Research shows inspections work

28th August 1998 at 01:00
THE assertions by Professor Carol FitzGibbon about the Office for Standards in Education inspection methodology (TES, August 14) are blind to the fact that it works. This, at least, is the view of the 10-1 majority of schools which agree that inspection judgments are fair and accurate. We know because, since April 1996, we have asked them all.

Instructions on sampling are clearly set out in our inspection guidance. In primary schools, for example, observations must cover the subjects and areas of learning of the curriculum, all year groups and all teachers. Inspectors must spend at least 60 per cent of their time in school gathering first-hand evidence of teaching and learning.

Judgments about lessons are almost always based on at least 30 minutes of observation. Those on the quality of teaching across all schools rest normally on samples ranging from 50 to 200 lessons.

Our study of inspectors' judgments was guided by researchers at the University of London Institute of Education and Dutch statisticians, subject to peer review, and published in a respected international journal. It found that there was exact agreement between pairs of inspectors in about two-thirds of lessons, and close - that is, acceptable - agreement (to within one grade on a seven-point scale) in one third. They were less reliable in only 3 per cent of lessons. We have begun a programme of further training designed to improve reliability still further.

As for value-added measures, all that were available to a few schools in 1983 were related to sixth-form subject performance. There are at present no reliable and comprehensive value-added measures through the key stages of the national curriculum, and researchers disagree about the validity of different approaches.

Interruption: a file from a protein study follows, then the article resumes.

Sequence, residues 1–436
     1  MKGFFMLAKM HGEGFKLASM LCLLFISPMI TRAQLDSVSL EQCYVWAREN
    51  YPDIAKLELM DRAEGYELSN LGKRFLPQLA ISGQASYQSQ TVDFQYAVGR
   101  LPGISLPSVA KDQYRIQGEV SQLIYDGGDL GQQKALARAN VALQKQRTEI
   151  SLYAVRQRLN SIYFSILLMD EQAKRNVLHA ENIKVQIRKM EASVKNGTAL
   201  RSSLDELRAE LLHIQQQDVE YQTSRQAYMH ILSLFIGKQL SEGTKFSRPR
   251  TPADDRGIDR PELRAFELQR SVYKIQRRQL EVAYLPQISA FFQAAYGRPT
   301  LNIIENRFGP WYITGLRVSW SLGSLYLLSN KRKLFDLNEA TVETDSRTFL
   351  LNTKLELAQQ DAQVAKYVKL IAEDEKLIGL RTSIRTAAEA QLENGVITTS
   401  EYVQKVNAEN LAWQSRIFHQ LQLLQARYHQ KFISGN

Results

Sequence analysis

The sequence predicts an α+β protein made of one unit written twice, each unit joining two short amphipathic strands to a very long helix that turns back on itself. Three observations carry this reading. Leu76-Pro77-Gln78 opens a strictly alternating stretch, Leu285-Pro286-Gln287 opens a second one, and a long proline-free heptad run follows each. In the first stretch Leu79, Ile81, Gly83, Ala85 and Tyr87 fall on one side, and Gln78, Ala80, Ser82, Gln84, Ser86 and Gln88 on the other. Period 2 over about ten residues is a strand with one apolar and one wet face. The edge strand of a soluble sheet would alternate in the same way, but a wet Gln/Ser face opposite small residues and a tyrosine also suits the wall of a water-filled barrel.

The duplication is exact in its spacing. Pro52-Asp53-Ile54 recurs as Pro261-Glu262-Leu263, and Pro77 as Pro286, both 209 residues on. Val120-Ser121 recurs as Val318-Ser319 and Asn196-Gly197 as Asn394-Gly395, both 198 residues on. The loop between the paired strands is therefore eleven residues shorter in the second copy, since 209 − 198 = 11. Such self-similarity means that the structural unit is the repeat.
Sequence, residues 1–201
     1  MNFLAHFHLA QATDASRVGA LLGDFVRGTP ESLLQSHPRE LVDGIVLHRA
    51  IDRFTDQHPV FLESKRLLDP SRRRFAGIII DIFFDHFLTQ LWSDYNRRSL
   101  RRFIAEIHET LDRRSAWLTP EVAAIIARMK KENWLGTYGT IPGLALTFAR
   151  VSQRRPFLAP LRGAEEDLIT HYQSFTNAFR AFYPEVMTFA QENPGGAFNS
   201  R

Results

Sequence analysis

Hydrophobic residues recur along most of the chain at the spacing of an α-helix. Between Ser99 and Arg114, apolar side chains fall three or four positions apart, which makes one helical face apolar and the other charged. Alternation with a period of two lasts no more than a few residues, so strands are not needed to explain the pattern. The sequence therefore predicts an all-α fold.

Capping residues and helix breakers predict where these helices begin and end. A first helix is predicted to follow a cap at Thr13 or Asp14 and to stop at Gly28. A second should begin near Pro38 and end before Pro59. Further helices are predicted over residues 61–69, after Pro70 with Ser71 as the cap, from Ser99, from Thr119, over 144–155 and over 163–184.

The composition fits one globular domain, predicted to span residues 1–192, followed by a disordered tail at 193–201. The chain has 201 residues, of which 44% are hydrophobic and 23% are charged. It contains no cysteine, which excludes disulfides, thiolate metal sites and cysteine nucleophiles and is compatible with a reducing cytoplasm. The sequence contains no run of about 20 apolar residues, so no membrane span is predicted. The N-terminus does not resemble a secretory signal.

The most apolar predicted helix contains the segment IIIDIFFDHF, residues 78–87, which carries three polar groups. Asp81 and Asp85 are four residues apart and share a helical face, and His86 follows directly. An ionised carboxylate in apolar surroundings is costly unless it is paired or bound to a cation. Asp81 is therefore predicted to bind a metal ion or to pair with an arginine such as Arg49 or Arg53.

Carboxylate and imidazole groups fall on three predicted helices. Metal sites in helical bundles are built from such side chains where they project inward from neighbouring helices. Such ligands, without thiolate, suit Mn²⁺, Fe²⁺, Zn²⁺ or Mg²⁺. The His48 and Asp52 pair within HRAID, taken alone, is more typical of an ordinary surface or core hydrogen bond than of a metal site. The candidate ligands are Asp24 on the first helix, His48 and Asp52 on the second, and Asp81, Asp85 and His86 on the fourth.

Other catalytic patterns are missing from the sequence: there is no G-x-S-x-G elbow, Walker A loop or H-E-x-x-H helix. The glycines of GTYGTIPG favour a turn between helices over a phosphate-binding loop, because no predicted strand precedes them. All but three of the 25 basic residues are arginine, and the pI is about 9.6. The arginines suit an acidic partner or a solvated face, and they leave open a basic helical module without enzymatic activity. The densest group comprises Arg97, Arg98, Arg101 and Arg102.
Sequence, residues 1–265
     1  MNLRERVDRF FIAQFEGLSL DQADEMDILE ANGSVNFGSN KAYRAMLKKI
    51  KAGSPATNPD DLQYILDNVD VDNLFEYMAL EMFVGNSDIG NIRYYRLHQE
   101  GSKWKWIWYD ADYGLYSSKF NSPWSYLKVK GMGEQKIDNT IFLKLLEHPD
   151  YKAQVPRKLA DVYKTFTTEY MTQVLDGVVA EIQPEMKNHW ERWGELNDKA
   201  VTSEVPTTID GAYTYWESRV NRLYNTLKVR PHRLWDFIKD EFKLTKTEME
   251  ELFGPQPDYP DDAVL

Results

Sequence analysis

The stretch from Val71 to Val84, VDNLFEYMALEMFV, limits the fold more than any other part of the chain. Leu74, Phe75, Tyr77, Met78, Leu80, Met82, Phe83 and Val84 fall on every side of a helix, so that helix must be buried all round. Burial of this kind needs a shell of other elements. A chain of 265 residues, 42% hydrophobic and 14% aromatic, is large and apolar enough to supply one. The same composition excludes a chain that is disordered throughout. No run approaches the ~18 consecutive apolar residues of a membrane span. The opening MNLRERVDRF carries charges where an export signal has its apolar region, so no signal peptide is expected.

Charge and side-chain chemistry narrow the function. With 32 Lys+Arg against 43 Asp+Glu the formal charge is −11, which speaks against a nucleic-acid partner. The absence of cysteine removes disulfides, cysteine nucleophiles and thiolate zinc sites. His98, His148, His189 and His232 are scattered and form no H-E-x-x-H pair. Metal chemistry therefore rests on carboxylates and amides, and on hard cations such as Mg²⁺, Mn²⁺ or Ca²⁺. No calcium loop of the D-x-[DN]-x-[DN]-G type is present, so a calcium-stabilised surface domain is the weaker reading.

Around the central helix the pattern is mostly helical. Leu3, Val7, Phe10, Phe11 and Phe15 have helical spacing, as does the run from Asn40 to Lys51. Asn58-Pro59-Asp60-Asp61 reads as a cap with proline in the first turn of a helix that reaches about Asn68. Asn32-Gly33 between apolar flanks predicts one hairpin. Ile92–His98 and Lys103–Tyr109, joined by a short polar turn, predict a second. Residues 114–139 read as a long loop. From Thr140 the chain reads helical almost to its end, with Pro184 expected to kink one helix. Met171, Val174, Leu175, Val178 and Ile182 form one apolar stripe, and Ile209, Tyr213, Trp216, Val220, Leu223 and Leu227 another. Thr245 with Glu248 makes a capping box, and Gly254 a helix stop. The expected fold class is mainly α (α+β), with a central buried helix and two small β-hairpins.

Other systems have their limitations as well as their uses. As useful and acceptable indicators become available, the inspection procedures incorporate them. Our PICSI (Pre-Inspection Context and School Indicator) reports are an example of this.

OFSTED has published, since 1994, a series of validated studies of inspection. So have other researchers, but Professor FitzGibbon is not thought to among them.

Peter Matthews

Office for Standards in Education

Head of Inspection Quality, Monitoring Development

London WC2

Subscribe to get access to the content on this page.

If you are already a Tes/ Tes Scotland subscriber please log in with your username or email address to get full access to our back issues, CPD library and membership plus page.

Not a subscriber? Find out more about our subscription offers.
Subscribe now
Existing subscriber?
Enter subscription number


The guide by your side – ensuring you are always up to date with the latest in education.

Get Tes magazine online and delivered to your door. Stay up to date with the latest research, teacher innovation and insight, plus classroom tips and techniques with a Tes magazine subscription.
With a Tes magazine subscription you get exclusive access to our CPD library. Including our New Teachers’ special for NQTS, Ed Tech, How to Get a Job, Trip Planner, Ed Biz Special and all Tes back issues.

Subscribe now